Measuring tiny forces in nM: human cell level interactions
Tendons connect muscles to bones. They undergo some of the strongest forces in human body.
Made up of collagen fibres,tendons sit in a matrix of connective tissue. Tendon cells influence the development of the matrix, and the rigidity of the matrix in turn affects the tendon cell behaviour. But it is not well understood in what way. Scientists in Denmark have been investigating the interactions between the cells and the matrix, with the help of a Microlink 751 data acquisition device. Their findings have been published in the Journal of the Mechanical Behavior of Biomedical Materials.
Accumulation of collagen cross-links and stiffening of the matrix occur in diabetes, cancer and ageing. The researchers, led by Antonios Giannopoulos of the Institute of Sports Medicine Copenhagen, have measured the cell-matrix interactions.
To do this they made 3D engineered tendon constructs using human tendon fibroblasts. They also made their own force monitor to non-destructively measure cellular and matrix forces.
The force monitor comprised force transducers, stepper motors with a motor controller, culture wells and a Microlink 751 PC data collection system running Windmill software. The Microlink collected data at 1 sample per second. The sensitivity of the force monitor to detect low scale forces could reveal tiny differences.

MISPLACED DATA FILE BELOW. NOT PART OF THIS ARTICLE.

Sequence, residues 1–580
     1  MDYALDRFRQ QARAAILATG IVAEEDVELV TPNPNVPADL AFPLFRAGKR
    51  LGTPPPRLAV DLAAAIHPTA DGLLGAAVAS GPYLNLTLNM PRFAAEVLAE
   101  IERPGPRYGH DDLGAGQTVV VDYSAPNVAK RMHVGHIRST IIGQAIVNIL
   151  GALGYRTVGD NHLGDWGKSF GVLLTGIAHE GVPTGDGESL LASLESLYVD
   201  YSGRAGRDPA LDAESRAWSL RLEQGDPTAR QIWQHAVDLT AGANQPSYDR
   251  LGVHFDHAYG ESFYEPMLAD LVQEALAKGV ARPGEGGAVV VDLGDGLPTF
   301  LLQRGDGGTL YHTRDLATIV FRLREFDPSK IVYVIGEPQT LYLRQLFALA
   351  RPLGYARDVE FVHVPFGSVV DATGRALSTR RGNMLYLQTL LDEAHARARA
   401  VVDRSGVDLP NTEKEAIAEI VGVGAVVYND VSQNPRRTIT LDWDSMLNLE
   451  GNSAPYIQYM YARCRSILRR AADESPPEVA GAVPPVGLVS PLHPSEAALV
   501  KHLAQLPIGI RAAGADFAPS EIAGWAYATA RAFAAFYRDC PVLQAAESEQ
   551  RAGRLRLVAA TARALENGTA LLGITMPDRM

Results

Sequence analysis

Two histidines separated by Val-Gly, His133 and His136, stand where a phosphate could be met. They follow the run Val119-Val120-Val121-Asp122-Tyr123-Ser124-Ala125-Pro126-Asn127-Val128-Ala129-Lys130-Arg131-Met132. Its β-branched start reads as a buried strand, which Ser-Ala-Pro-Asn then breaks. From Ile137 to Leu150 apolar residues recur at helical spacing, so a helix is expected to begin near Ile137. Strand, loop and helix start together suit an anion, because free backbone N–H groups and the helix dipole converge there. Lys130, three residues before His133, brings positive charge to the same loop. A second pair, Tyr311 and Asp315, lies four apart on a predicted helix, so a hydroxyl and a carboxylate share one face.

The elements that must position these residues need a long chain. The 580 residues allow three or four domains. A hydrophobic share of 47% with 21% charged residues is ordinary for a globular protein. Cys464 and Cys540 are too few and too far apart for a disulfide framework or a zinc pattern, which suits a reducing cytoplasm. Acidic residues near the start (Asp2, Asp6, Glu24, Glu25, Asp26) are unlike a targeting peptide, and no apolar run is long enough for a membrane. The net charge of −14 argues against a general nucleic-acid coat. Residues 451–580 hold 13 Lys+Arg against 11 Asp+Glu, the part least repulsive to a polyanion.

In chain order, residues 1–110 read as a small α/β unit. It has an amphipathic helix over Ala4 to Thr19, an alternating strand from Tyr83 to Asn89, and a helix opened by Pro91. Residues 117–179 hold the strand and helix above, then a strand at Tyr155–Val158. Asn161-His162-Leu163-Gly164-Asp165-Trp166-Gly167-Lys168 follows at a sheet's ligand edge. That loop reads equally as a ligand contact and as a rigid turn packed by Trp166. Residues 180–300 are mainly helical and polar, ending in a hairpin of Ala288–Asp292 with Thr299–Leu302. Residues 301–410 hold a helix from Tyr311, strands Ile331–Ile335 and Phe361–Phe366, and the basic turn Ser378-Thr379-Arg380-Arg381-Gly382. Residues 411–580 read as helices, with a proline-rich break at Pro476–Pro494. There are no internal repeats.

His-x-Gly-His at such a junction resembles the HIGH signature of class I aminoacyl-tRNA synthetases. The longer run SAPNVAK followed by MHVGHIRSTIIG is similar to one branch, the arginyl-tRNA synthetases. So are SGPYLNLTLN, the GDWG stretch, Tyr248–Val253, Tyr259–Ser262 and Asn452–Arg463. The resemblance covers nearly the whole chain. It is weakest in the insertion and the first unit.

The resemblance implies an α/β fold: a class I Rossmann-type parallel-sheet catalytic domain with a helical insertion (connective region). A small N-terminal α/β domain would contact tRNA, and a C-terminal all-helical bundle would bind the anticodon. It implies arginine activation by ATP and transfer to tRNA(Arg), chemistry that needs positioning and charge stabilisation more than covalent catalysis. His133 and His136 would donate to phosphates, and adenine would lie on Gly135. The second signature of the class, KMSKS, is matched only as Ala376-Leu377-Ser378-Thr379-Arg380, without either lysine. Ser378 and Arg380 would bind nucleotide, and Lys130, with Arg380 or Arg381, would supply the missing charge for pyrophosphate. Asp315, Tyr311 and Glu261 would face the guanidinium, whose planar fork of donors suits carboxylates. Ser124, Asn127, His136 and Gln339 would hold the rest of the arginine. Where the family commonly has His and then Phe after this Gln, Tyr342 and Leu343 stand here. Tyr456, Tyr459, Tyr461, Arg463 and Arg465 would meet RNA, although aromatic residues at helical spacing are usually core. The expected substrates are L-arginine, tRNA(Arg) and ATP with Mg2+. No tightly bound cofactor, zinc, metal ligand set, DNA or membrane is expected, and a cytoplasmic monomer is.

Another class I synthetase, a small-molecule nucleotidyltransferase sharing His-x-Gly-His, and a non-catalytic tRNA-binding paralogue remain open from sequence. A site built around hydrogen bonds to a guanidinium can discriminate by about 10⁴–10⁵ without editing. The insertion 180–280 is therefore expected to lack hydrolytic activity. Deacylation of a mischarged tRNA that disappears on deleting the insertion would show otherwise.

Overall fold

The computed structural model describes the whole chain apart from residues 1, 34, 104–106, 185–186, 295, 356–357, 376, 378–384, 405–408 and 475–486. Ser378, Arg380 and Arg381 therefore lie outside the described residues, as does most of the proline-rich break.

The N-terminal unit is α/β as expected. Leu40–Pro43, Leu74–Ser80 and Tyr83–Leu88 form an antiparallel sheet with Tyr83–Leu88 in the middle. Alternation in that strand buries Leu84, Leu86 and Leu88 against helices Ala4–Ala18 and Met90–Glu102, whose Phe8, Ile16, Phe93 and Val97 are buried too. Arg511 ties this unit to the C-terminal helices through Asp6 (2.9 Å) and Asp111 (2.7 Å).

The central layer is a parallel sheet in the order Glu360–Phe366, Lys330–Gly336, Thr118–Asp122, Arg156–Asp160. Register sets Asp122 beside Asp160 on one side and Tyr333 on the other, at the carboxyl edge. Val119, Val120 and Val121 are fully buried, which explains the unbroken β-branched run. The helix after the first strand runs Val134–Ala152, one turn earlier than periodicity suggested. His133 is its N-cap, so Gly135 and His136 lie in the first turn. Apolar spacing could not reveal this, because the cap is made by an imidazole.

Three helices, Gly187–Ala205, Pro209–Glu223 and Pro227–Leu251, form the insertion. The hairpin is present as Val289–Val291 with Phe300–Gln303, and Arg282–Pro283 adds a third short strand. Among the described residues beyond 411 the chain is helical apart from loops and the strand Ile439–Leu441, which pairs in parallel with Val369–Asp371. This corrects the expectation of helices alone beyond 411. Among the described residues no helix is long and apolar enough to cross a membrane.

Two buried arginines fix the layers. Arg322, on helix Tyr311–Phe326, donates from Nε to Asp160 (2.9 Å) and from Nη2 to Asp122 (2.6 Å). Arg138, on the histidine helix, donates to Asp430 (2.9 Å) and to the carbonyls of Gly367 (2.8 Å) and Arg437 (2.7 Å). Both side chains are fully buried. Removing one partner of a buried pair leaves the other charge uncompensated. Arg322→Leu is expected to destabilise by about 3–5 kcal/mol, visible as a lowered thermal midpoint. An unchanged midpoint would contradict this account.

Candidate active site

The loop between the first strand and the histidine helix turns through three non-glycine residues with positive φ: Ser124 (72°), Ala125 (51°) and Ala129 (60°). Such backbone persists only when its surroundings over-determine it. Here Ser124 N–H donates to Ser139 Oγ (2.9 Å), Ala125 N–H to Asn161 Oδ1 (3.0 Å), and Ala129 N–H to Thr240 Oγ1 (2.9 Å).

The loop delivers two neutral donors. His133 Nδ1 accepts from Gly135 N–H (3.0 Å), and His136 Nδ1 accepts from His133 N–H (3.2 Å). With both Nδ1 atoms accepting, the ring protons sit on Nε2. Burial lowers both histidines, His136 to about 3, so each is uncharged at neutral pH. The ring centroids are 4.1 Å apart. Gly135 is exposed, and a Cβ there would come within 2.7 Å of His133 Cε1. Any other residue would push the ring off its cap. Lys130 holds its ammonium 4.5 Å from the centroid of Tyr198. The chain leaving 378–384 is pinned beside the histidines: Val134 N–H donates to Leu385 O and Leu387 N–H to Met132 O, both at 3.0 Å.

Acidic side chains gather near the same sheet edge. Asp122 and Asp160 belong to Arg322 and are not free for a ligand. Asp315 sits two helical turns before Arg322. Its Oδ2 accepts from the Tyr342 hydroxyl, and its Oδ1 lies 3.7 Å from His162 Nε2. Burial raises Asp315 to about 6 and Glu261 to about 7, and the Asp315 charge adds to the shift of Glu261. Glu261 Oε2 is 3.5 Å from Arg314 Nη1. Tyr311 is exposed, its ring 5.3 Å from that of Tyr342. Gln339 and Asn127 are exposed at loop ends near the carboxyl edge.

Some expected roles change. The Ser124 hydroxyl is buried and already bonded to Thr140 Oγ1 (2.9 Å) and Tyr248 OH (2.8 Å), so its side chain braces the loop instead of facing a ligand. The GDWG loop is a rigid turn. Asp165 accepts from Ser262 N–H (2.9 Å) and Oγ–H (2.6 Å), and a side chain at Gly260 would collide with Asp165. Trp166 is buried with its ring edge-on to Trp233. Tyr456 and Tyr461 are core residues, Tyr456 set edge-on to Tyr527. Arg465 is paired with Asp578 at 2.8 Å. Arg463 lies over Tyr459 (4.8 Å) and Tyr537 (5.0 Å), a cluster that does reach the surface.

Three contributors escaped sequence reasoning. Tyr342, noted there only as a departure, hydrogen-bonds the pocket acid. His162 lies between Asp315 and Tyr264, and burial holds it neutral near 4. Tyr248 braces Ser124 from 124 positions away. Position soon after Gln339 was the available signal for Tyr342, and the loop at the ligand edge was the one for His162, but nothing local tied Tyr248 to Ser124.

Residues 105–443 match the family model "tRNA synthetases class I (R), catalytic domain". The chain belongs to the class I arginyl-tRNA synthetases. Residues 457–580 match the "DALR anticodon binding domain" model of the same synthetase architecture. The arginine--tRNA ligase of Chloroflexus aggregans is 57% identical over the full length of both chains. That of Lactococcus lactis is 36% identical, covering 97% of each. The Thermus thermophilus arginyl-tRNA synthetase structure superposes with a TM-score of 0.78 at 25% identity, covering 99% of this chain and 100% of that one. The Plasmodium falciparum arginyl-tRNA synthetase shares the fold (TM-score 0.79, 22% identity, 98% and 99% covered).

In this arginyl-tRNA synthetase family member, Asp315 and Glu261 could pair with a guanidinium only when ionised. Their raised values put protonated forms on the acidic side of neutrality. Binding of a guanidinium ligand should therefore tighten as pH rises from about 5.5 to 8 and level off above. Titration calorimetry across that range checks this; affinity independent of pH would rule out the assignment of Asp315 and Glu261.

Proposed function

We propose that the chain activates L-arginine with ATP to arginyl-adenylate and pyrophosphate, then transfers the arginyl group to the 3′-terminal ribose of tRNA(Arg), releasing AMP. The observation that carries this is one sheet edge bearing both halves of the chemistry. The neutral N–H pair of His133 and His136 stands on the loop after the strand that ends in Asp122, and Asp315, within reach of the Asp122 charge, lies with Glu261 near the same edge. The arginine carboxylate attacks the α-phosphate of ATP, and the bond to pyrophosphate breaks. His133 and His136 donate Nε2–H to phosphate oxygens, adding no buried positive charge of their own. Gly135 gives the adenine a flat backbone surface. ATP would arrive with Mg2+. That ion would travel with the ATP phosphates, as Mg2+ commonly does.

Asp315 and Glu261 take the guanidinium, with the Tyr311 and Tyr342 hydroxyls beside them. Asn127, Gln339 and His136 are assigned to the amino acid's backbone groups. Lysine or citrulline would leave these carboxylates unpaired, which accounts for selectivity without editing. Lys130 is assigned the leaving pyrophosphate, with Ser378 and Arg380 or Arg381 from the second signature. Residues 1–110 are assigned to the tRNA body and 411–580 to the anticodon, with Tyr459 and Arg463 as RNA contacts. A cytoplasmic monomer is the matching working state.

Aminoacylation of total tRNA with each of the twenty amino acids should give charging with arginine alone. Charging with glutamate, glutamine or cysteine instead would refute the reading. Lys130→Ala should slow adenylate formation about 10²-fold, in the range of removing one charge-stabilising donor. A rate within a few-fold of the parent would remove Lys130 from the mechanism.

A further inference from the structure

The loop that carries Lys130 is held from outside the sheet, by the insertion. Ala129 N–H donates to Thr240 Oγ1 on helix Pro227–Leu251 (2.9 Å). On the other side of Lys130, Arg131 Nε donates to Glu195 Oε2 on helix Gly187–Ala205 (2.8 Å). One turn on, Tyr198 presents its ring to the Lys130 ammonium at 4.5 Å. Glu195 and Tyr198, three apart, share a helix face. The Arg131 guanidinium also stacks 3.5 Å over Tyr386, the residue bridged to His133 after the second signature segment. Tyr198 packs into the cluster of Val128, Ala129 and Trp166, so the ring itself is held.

Force vs Time Data Measurement, Giannopoulos et al
Silk suture loops at the end of each construct were used to attach the force monitor. The tendon constructs were subjected to three unloading/loading cycles. The data from the Microlink was fed into GraphPad software for comparison test analysis.
The authors confirmed the strong correlation between cross-links and matrix properties.
The model provides a useful tool to evaluate tissue's local environment and provides a quantifiable measure of cell-matrix interactions.
Reference and Further Reading
Journal of the Mechanical Behavior of Biomedical Materials A. Giannopoulos et al, Effects of genipin crosslinking on mechanical cell-matrix interaction in 3D engineered tendon constructs, Journal of the Mechanical Behavior of Biomedical Materials, Volume 119, 2021.